Testerone level should be used as a surrogate endpoint in phase 3 trials of gonadotropin-releasing hormone (GnRH) analogs for treating advanced prostate cancer, the FDA says in a new draft guidance.
Sponsors should conduct single-arm trials that measure attainment and maintenance of castrate testosterone (T) levels, according to the draft guidance released last week. Trials should look at T levels maintained until the end of a dosing interval as well as immediately after later doses — not the first dose — of the study drug.
“To demonstrate these effects of the study drug on T levels, the treatment period should be at least twice as long as the dosing interval,” the agency advises. Products that act over shorter periods, such as one month, should have treatment periods extending over three to four dosing intervals.
Trial participants should have normal, age-adjusted T levels and metastatic disease in order to produce a more accurate safety profile of the intended population, the FDA says. It recommends documenting information about patients’ prostate cancer history, including the diagnosis date, current stage, prior therapies and the extent of metastatic disease at baseline.
Any indications besides treating advanced prostate cancer should be discussed with the agency before a sponsor begins a trial, the draft guidance says. Randomized designs for supporting efficacy and/or safety among GnRH analogs also should be discussed with the agency.
The draft guidance also provides recommendations for dose selection; trial procedures and timing of assessments; pharmacokinetics and pharmacodynamics; statistical suggestions and labeling considerations.
Read the guidance here: https://bit.ly/32zoyVU.
A joint clinical study of patients with heart failure is using wearable biosensors to evaluate the viability and significance of patient-centric endpoints such as physical function and quality of life.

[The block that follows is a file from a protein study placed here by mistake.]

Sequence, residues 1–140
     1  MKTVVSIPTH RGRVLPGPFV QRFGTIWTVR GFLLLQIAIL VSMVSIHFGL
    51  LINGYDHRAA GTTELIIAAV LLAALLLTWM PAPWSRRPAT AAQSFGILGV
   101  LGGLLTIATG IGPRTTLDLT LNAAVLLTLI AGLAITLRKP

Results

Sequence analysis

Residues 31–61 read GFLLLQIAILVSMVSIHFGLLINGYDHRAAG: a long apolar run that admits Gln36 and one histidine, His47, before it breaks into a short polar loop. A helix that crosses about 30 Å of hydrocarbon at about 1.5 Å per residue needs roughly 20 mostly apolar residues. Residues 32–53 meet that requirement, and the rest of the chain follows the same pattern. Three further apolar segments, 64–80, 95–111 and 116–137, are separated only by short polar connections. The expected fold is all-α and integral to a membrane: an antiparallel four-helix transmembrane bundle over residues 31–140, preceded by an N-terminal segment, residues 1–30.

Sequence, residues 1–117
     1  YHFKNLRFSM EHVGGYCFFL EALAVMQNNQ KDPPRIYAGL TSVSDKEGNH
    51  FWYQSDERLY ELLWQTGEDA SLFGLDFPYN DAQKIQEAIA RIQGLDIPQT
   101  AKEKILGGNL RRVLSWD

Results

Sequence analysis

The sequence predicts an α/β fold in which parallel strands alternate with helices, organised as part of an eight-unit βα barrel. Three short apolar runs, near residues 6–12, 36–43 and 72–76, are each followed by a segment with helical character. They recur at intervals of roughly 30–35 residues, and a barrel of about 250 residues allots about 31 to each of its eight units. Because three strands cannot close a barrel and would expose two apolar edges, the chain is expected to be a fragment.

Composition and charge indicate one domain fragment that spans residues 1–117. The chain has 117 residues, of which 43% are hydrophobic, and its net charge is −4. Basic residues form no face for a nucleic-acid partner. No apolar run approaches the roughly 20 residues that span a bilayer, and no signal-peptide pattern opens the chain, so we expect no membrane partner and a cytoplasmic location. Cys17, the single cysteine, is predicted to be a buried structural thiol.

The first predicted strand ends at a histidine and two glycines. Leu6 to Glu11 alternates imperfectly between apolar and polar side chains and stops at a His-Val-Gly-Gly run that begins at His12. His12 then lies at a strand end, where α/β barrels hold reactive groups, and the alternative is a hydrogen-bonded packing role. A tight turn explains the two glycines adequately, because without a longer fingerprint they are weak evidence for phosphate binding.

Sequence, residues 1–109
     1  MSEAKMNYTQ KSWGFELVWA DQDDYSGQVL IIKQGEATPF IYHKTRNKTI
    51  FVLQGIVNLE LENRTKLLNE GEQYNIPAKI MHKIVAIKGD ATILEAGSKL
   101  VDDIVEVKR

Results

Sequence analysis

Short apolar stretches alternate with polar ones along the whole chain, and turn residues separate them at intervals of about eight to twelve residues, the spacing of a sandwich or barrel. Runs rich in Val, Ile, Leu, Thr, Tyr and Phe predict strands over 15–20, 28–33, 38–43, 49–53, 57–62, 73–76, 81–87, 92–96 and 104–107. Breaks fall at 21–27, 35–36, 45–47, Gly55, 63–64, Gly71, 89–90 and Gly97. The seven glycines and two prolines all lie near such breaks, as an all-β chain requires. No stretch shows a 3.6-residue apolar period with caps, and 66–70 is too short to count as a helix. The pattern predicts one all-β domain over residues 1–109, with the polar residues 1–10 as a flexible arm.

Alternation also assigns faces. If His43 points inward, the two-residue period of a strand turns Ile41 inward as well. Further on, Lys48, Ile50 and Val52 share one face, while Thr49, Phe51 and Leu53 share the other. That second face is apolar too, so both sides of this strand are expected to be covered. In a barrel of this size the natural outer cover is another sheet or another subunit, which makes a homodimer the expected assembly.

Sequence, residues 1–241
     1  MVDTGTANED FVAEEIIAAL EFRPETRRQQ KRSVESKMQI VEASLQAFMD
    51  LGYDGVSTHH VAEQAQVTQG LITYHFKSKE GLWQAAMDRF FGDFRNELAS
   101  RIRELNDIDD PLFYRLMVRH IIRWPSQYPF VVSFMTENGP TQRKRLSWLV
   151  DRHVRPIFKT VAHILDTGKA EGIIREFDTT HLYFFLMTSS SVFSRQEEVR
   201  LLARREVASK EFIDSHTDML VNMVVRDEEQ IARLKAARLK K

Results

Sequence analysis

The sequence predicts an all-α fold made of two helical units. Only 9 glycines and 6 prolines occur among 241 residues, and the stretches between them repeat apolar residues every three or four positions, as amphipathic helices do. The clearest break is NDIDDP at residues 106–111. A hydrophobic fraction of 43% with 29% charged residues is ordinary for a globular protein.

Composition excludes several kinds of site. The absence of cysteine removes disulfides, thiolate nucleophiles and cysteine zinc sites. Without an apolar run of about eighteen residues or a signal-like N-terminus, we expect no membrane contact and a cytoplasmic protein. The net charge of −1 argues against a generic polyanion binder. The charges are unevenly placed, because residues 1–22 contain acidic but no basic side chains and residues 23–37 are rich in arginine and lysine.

The multicenter study is being conducted by the Mayo Clinic and Yale University with assistance from the FDA in what is called a CERSI (Center of Excellence in Regulatory Science and Innovation), a collaboration between the agency and academic institutions.
The study follows a draft guidance the FDA released in June that would allow endpoints based on a treatment’s effect on patient-reported symptoms and experiences even if the treatment has no favorable effect on survival or risk of hospitalization (CenterWatch Weekly, July 1, 2019).
Researchers will use two different mobile devices to monitor discharged heart failure patients for 60 days, then analyze the data to measure the correlation between patient-reported outcomes and clinical endpoints, such as lab tests and physical examinations.
The UK’s Medicines and Healthcare products Regulatory Agency (MHRA) is seeking public feedback on how the agency involves patients in its work, including in clinical trials.
The goal is to find out how patients would like the MHRA to communicate with them and how patients would prefer to communicate with the MHRA to raise concerns.
“We want to adopt a more systematic approach to listening to and involving patients — ensuring that the patient voice is heard when safety issues, concerning medicines or medical devices, are identified and in the licensing of new medicines,” the agency says.MHRA’s “consultation” survey will be open until Oct. 7.
Take the MHRA survey here: https://bit.ly/32rGemB.